When we can begin to see the infinite complexity and richness of experience–all experience, the beautiful and the horrible–we begin to understand the arts and religion and spirituality as the expressions of other people who also wondered our questions and argued back, and found ways to put it into form. As the Psalmist said, ‘The earth is the Lord’s and the fulness thereof’–all of it, and our job as conscious beings is to learn how to live within that fulness.
About your mention of the dying brain, keep in mind that outside of the studies dealing only with cardiac arrest, very possibly the majority of NDEs happen when people are in no recognizable danger of imminent dying. Another one of those bewildering realities!
Dave Woods says
In terms of someone being clinically dead, or not, I read an experience about a man, I think he was a Russian, who was hit by a car. He came back to life in the Morgue. The Doctor/Scientists must have been pretty sure he was dead to have put him there. It was a pretty famous case. Sorry I can’t remember the name.
Nan Bush says
George Rodonia, MD, a Russian physician. Fascinating story, well worth looking up!
Dave Woods says
Not to change the subject, But I finally purchased A Kindle Reader. I’ve started taking it everywhere with me. I am a avid student of sociological/Political world history, as well as spiritual stuff. Chris Hedges, Wilhelm Reich, Robert A Monroe, Brian Weiss, and others. I actually went through therapy With Victor Sobe who was personally trained by Reich. He broke through the blockages that were impeding my energy (spirit) from fully flowing. However, it still has a lot to learn. I’m now avidly reading Dancing Past The Dark. Nancy, your historical analysis of Religion in humanity is like a glue that binds everything I’ve been studying together. I apologize for not getting off my dead ass, and reading it sooner. Now maybe my further input here will be a little more intelligent.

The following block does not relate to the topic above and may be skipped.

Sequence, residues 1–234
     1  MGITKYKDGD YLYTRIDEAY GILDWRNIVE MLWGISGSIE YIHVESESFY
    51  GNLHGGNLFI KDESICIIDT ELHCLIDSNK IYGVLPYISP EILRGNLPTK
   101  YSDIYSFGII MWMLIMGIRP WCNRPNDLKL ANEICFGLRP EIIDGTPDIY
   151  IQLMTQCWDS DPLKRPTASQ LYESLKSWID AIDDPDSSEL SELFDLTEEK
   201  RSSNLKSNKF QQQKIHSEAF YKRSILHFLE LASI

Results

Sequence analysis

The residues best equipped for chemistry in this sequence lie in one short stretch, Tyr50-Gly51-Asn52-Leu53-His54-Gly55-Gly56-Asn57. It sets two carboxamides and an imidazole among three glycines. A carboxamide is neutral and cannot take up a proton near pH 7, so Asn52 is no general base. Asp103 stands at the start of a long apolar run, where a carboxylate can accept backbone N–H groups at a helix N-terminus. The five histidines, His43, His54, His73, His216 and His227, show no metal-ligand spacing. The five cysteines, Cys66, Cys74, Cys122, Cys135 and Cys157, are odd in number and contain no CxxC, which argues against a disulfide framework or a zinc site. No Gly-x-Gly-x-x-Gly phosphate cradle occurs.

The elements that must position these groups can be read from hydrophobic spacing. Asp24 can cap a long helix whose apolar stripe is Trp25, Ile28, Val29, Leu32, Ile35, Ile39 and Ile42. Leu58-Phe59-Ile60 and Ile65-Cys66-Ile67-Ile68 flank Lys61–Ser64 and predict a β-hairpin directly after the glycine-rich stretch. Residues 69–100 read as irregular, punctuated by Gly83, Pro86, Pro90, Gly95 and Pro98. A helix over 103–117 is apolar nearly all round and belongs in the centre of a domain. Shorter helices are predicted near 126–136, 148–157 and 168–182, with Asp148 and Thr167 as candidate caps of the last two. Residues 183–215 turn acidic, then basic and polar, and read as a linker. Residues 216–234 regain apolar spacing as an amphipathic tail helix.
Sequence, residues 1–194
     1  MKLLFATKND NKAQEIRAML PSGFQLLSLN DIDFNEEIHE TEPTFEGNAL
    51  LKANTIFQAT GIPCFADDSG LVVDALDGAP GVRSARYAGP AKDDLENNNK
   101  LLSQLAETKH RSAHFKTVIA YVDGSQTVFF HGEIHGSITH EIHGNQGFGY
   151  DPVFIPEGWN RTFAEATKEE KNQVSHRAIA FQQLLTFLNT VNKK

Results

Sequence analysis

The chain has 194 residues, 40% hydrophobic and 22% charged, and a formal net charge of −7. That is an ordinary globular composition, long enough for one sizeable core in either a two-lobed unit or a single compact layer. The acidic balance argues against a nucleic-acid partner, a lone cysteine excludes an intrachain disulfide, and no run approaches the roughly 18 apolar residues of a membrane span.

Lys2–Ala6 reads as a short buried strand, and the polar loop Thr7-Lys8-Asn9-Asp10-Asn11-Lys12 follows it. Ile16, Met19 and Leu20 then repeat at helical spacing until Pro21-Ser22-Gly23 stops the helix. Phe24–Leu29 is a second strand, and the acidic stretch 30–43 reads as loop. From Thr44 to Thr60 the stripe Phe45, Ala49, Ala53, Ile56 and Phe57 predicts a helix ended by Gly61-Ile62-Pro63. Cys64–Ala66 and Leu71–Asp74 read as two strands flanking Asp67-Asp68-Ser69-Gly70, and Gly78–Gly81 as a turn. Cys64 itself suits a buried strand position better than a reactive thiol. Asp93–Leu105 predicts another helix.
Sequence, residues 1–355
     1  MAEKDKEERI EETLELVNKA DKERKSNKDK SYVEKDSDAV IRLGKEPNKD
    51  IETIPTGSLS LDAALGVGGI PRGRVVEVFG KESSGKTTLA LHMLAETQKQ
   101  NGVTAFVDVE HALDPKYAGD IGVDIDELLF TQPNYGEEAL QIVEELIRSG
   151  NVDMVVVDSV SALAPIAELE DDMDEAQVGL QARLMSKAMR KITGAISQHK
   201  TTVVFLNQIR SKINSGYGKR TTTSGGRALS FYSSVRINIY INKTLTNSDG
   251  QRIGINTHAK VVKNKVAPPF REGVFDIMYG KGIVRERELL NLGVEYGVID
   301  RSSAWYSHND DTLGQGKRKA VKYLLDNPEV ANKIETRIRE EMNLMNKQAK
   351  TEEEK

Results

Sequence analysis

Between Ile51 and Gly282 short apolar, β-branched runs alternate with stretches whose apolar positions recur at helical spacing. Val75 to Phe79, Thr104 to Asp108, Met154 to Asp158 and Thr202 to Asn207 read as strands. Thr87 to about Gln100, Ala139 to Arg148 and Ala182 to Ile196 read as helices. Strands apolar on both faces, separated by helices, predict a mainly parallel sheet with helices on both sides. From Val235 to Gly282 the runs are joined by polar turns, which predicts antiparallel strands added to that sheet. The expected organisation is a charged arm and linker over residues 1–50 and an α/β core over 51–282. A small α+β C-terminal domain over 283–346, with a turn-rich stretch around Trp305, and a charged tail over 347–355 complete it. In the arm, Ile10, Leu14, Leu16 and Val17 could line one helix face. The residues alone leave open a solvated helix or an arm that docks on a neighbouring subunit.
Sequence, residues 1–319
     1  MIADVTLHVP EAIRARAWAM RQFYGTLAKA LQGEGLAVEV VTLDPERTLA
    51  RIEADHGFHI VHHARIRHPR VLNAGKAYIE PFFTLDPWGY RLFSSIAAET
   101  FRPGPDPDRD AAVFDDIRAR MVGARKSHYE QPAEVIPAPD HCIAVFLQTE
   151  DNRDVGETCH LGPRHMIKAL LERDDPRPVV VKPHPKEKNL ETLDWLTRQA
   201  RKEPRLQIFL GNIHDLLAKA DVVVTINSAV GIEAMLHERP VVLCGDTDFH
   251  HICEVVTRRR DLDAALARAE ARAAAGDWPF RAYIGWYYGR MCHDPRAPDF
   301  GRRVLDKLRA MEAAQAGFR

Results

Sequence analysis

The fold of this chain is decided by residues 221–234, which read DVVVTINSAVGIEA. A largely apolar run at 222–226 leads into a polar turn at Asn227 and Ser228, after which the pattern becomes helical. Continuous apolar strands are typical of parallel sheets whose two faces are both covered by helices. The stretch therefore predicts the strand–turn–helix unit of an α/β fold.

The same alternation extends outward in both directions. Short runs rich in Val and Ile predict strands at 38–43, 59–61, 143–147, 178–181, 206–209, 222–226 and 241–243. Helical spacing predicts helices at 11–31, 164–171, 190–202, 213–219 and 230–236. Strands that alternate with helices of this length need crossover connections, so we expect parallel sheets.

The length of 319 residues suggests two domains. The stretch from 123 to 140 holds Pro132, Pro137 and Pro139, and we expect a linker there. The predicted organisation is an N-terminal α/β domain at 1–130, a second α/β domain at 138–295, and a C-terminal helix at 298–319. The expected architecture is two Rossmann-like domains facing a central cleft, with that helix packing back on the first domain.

Nan Bush says
Dave, you’re such a mensch! Thank you.
Dave Woods says
Duuuuuuuuuh Thanks Nancy
I’ve just read through again all the posts and comments and would like to add some of my own. Firstly regarding Jack’s thought that the nde is just random firing of a dying brain (the dying brain hypothesis.) I understand where he is coming form regarding the seemingly capricious and unpredictable nature of the good/bad experiences, the injustice of it. I too then thought, oh well it seems the dying brain hypothesis must be right. I thought that for about ten seconds before recalling the undoubted veridical nature of some obes, and the shared nde (where a companion “travels” part way with the deceased before returning.) Both indicate that something leaves the body and continues to function.
The only thing I am sure about is that there is something going on, I just wish to God I knew what!
Also regarding the comments about Christ – I think someone stated that atheists do not encounter Christ – Howard Storm did – he is now a Christian minister.
Regarding Christ – there are so many conflicting theories out there, I suspect it depends on which books one has read.